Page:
Davis Tutt was acknowledged as the better marksman, but both showed courage by all accounts. Both men faced each other sideways in the dueling position and hesitated briefly. Then Tutt reached for his pistol. Hickok drew his gun and steadied it on his opposite forearm. The two men fired a single shot each at essentially the same time, according to the reports. Tutt missed, but Hickok's bullet struck Tutt in the left side between the fifth and seventh ribs. Tutt called out, "Boys, I'm killed," ran onto the porch of the local courthouse and back to the street, where he collapsed and died.

Trial and aftermath

The next day, a warrant was issued for Hickok's arrest and two days later he was arrested. Bail was initially denied, as was common in murder cases of the time. Hickok eventually posted a bail of $2,000 (2010:$30,800) on the same day, after the magistrate reduced the charge from murder to manslaughter based on the circumstances. Hickok was arrested under the name of William Haycocke (the name Hickok had been using in Springfield) for the manslaughter of David Tutt. During the trial, the names were amended to J. B. Hickok and Davis Tutt/Little Dave, "little" being the equivalent in that period for the present day "Junior" to indicate having the same name as the father.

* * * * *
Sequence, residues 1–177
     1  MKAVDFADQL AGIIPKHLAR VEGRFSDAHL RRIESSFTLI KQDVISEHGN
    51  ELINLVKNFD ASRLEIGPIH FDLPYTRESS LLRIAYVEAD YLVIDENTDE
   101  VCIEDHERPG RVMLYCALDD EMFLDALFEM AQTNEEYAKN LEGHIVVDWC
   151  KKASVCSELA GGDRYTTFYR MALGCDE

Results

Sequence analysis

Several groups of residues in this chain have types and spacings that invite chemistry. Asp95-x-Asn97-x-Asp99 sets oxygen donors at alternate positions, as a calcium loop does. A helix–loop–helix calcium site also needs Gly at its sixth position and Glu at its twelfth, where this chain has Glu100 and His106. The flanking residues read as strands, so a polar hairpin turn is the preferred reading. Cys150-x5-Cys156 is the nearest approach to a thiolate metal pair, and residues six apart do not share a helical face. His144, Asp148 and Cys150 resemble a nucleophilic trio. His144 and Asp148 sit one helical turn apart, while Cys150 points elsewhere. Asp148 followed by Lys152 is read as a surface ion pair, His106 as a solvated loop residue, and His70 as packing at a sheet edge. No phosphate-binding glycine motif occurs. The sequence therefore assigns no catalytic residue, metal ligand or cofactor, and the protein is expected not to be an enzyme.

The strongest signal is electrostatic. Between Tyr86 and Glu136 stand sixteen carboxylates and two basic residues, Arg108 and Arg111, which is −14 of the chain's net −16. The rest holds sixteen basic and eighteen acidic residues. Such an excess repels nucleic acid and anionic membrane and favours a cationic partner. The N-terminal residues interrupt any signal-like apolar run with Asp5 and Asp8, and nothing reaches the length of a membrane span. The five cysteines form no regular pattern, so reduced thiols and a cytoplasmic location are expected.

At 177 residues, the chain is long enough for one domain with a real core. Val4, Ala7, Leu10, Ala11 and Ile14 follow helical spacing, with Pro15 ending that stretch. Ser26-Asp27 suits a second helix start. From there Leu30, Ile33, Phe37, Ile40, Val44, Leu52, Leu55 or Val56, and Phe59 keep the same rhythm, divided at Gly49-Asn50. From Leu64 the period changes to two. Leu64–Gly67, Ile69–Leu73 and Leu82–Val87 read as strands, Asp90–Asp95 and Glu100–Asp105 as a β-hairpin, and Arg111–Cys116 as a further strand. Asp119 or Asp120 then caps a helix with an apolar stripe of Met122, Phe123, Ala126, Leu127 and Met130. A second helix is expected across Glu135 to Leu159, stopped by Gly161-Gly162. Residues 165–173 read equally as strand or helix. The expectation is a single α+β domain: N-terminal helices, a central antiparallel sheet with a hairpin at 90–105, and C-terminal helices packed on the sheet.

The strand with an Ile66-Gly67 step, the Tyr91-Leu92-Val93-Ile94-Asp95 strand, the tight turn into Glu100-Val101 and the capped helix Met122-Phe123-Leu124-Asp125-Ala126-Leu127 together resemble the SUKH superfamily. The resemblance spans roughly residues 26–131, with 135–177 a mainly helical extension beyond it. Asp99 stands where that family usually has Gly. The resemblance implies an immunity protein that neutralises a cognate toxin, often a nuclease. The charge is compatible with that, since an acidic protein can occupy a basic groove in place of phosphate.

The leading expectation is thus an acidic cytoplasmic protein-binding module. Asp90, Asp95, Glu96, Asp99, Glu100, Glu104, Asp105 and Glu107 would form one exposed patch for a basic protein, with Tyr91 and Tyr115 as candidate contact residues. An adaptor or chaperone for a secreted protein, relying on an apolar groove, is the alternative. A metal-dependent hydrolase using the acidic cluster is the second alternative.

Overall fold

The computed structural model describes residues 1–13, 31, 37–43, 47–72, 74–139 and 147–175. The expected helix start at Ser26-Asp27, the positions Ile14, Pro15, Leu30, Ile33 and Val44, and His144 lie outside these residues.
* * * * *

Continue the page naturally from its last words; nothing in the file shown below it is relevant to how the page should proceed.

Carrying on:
Hickok's manslaughter trial began on August 3, 1865 and lasted three days. Twenty-two witnesses from the square testified at the trial. Hickok's lawyer was the prestigious Colonel John S. Phelps, former wartime governor of Arkansas. The prosecution was led by Major Robert W. Fyan, and the judge was Sempronius Boyd. The trial transcripts have been lost, but newspaper reports of the trial indicate that Hickok, as expected, claimed self-defense. The most disputed fact at the trial was who fired first. Only four witnesses actually watched the fight. Two claimed both men fired, but they could not tell who drew first. One said he was standing behind Hickok so he only saw Hickok draw, as his view of Tutt was blocked. Another said Tutt did not fire, but admitted noticing Tutt's gun had a discharged chamber. The other witnesses all stated that while they did not see the shooting, they heard only one shot.